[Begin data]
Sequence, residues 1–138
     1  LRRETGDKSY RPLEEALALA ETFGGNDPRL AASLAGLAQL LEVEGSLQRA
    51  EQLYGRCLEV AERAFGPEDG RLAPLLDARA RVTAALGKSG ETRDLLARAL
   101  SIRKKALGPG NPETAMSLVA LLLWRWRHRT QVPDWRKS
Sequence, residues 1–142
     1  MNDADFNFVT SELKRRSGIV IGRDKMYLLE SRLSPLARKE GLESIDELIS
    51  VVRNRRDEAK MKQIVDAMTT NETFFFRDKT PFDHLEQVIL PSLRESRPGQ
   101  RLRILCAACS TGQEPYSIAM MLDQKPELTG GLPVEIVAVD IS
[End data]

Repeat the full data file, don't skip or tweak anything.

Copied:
Sequence, residues 1–138
     1  LRRETGDKSY RPLEEALALA ETFGGNDPRL AASLAGLAQL LEVEGSLQRA
    51  EQLYGRCLEV AERAFGPEDG RLAPLLDARA RVTAALGKSG ETRDLLARAL
   101  SIRKKALGPG NPETAMSLVA LLLWRWRHRT QVPDWRKS
Sequence, residues 1–142
     1  MNDADFNFVT SELKRRSGIV IGRDKMYLLE SRLSPLARKE GLESIDELIS
    51  VVRNRRDEAK MKQIVDAMTT NETFFFRDKT PFDHLEQVIL PSLRESRPGQ
   101  RLRILCAACS TGQEPYSIAM MLDQKPELTG GLPVEIVAVD IS